Press Release

Press release: sustainable finance policy can help Europe avoid disaster

At today’s UN Global Platform on Disaster Risk Reduction in Geneva, E3G and UNDRR report brings research on disaster risk reduction and sustainable finance together for first time.

Research finds Europe can reduce disaster risk and increase climate resilience through reforms to financial system.

Story

The scale of financial flows and investments is massive, with European assets under management at €147 billion5. Most investments still fail to take disaster and climate-related risk into account. The total reported economic losses caused by weather and climate related extremes in European Member States over the 1980–2017 period amounted to almost half a trillion euros and is expected to continue to increase over time6. The question of who in society is protected, and who pays for this protection, has never been more important.

At today’s UN meeting governments from around the world will try to integrate their approaches to disaster, climate and sustainability development. The new report, bringing together insights from the fields of Disaster Risk Reduction and Sustainable Finance, finds that the European Commission’s Sustainable Finance Action Plan could be strengthened to improve Europe’s resilience to disaster and climate change. The study identifies eleven ‘areas for exploration’ within Europe7, many of which can also be addressed at international level.

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Kate Levick, Sustainable Finance Program Leader of E3G said:

The effects of climate change are already with us, as we have seen from multiple extreme weather events in the last months. The next European Parliament and Commission will have a unique opportunity to put disaster risk reduction, climate change adaptation and resilience at the heart of the financial system with its next wave of reforms.

Europe’s Sustainable Finance Action Plan is a world-leading policy framework. However the Plan’s high-level support of disaster risk reduction and climate change adaptation as well as the current legislative processes have mainly focused on other topics. We see many opportunities to use finance policy to protect European citizens from the impacts of these risks, and for Europe to act as a leader on this issue internationally.

ENDS

Notes to Editors

  1. E3G is an independent climate change think tank accelerating the transition to a climate neutral safe world. E3G specialises in climate diplomacy, climate risk, energy policy and climate finance.
  2. In 2018 for the third year running, E3G was ranked the fifth most globally influential environmental think tank, by the Global Go To Think Tank Index.
  3. The report, Opportunities to integrate disaster risk reduction and climate resilience into sustainable finance, can be read here.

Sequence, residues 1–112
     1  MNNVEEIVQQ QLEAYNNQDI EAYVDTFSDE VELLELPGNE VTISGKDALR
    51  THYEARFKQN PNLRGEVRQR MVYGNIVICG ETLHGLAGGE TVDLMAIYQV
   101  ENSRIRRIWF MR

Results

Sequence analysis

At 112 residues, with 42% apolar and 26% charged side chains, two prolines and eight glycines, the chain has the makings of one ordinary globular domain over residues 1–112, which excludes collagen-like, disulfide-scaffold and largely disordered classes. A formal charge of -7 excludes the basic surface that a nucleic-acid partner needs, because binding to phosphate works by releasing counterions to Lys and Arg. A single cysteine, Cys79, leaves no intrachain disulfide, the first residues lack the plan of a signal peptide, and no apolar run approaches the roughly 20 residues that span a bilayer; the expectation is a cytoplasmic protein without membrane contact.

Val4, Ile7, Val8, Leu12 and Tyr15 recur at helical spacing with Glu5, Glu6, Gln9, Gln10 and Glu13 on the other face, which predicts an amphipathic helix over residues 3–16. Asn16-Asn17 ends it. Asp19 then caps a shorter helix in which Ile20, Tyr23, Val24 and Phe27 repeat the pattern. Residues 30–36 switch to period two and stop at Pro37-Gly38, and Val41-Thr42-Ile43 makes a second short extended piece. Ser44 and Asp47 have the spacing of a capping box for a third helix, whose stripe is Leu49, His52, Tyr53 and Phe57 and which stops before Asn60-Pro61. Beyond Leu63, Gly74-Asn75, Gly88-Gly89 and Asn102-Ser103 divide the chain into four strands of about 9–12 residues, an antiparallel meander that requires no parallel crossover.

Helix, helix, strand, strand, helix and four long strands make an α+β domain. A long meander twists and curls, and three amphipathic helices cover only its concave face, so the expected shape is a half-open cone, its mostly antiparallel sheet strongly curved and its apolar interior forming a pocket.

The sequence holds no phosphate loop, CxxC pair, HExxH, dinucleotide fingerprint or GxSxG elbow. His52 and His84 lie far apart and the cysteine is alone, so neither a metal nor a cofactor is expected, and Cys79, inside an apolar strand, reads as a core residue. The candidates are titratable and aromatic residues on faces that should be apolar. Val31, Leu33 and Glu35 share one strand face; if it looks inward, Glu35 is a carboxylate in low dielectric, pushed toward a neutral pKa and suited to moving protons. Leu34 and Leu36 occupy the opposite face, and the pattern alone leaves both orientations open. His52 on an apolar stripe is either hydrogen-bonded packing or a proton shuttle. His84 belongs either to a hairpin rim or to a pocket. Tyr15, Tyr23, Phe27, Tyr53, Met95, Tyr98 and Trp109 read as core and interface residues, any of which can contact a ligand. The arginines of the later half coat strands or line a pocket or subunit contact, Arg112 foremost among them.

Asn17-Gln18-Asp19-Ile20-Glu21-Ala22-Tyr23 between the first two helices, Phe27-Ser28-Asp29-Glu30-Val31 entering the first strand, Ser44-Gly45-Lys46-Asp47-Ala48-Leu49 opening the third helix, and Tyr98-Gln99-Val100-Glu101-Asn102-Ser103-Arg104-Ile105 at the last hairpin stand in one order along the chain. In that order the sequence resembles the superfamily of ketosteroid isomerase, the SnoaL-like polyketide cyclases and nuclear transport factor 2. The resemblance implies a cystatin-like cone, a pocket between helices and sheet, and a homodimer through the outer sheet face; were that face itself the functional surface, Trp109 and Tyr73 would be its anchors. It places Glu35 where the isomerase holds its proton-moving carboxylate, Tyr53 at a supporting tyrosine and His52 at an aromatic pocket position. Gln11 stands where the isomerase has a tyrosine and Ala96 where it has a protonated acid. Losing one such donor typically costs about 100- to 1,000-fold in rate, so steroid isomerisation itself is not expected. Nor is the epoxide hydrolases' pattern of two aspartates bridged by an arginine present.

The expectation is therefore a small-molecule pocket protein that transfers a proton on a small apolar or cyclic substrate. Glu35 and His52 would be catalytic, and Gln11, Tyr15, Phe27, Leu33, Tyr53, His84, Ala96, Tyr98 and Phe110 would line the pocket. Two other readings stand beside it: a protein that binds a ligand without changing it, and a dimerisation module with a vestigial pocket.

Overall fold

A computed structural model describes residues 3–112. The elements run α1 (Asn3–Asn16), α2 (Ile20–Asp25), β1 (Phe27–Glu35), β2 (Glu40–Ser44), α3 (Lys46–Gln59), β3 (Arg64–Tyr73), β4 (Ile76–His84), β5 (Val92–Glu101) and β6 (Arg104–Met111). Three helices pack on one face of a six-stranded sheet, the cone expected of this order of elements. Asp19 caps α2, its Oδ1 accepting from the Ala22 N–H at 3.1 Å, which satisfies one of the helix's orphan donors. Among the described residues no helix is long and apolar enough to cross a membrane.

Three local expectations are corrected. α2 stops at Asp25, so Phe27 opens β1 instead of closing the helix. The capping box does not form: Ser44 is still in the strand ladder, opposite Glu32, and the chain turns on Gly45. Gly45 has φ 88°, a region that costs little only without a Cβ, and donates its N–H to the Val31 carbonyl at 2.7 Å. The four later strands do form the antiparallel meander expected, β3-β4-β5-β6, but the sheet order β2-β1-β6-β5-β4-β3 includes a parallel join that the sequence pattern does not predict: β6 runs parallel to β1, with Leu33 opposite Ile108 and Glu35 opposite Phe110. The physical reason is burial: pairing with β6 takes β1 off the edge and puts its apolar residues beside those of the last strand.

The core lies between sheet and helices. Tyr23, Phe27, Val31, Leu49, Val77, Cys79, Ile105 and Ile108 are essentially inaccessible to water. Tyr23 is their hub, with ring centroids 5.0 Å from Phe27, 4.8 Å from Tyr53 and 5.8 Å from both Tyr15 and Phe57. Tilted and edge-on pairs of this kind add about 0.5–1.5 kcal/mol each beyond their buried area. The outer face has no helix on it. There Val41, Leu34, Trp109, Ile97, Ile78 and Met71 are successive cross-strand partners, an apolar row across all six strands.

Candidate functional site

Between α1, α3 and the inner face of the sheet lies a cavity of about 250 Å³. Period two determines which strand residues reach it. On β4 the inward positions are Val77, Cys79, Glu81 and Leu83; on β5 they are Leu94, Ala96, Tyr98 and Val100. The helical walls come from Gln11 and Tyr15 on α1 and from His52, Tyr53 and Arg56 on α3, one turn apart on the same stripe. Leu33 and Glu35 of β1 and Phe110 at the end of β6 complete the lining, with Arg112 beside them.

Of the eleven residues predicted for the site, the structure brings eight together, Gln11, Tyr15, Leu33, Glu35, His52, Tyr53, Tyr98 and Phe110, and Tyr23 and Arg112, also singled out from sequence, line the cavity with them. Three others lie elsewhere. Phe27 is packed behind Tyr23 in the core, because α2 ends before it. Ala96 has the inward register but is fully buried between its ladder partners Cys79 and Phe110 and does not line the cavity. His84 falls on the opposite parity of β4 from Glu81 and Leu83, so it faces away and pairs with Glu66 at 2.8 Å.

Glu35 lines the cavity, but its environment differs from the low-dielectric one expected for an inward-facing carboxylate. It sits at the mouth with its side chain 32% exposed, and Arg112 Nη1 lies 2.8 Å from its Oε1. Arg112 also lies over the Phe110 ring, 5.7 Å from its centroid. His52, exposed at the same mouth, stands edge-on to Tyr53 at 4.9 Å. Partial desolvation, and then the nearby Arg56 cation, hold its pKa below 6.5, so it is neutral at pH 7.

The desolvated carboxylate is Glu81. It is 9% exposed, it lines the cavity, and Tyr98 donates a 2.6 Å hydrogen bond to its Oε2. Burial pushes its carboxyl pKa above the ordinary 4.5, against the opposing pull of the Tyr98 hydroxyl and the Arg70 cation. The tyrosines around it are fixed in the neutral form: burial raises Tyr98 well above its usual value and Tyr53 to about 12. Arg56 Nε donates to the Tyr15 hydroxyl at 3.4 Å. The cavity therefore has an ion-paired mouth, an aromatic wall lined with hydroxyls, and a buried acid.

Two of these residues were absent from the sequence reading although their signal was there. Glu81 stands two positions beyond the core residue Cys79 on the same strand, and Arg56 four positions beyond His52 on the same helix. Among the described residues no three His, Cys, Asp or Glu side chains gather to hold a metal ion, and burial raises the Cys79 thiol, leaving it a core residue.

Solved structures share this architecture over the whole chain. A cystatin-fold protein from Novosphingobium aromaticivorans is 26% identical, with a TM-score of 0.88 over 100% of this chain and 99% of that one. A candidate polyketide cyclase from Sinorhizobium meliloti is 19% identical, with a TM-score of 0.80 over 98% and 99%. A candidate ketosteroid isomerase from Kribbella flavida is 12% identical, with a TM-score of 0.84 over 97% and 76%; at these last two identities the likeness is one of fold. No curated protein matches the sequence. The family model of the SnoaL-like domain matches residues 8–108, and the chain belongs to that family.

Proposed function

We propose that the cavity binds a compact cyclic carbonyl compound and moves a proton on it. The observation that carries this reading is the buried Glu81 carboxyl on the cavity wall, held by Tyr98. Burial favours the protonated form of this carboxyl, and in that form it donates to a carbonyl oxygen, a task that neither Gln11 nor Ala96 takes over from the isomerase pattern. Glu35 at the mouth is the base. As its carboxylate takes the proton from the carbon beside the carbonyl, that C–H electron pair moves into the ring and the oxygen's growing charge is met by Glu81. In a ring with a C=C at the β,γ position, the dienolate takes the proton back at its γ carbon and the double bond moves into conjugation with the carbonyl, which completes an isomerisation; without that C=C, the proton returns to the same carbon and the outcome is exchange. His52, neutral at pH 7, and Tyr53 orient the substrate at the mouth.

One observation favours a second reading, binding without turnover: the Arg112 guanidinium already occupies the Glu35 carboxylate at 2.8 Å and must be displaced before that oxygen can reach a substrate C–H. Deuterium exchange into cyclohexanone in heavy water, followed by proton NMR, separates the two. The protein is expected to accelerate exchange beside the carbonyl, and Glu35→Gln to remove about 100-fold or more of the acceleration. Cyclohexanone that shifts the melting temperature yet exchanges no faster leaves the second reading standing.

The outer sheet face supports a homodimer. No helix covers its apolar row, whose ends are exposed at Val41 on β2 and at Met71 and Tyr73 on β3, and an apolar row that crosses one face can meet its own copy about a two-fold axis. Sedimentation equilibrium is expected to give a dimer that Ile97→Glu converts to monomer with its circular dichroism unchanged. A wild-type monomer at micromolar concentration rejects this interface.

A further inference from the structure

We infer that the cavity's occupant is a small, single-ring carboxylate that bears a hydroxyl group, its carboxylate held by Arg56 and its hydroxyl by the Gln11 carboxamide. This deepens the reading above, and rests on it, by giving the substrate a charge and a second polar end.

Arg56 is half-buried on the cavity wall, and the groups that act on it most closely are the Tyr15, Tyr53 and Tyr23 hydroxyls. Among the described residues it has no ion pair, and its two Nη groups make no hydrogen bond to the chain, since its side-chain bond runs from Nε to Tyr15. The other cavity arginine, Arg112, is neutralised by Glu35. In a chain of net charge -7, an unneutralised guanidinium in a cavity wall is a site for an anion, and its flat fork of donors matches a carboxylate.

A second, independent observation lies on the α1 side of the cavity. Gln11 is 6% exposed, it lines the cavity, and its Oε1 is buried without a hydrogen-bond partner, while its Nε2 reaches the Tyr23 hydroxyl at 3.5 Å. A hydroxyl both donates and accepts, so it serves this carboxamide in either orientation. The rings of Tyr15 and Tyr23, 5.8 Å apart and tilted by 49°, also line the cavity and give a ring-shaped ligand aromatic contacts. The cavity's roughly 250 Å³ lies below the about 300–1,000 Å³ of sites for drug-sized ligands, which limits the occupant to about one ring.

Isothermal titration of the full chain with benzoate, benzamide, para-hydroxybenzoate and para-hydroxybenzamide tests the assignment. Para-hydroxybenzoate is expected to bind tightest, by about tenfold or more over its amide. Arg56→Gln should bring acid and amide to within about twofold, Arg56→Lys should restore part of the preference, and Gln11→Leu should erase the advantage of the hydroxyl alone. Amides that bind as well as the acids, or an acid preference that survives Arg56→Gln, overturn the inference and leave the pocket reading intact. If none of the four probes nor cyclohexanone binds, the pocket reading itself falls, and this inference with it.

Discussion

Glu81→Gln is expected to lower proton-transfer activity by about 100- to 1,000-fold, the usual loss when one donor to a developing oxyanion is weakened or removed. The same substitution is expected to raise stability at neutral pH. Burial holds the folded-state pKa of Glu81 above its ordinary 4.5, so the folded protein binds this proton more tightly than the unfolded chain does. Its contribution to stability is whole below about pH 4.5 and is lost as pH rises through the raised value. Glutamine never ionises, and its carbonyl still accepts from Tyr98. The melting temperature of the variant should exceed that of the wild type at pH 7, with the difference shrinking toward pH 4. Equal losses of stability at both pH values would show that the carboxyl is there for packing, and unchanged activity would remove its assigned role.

4. The sixth Session of the Global Platform for Disaster Risk Reduction (GP2019) takes place in Geneva, Switzerland from 13 to 17 May, 2019, convened and organized by the UN Office for Disaster Risk Reduction (UNDRR) and hosted by the Government of Switzerland.
  5. Source: EFAMA 10th Asset Management Report, European Fund and Asset Management Association, September 2018
  6. Source: Economic losses from climate-related extremes in Europe, European Environment Agency, April 2019
  7. Recommendations include the following:
    1. National and local authorities could create disaster risk and climate adaptation strategies which link to national investment plans and priorities.
    2. European companies can also create disaster risk and climate adaptation strategies, and could share their information with governments to inform national risk assessments.
    3. Disaster risk and climate adaptation strategies could be assessed against data-driven future climate change scenarios.
    4. Europe’s sustainable finance taxonomy could include not only “sustainable” but also “unsustainable” economic activities, which would include those that are not resilient to disaster/climate change risk.
    5. Resilience could become a formal baseline requirement for all European finance instruments, using a “Think Resilience” approach.
    6. European institutions could take measures to define high-quality resilient infrastructure.
    7. Resilient infrastructure measures could be embedded in the next European budget, from 2021-2027.
    8. Credit ratings agencies could be required to take into account sustainability criteria that include resilience to disasters and climate change.
    9. Institutional investors and asset managers could be required to take resilience into account when making investment decisions. Finance Ministers could take the same approach to national finance decisions, working together within ECOFIN.
    10. European institutions could work to better understand the impact that integrating environmental risks into the financial system may have on vulnerable communities who are exposed to disaster and/or climate risk.
    11. Financial and non-financial companies could be required to disclose climate-related financial risk to their investors.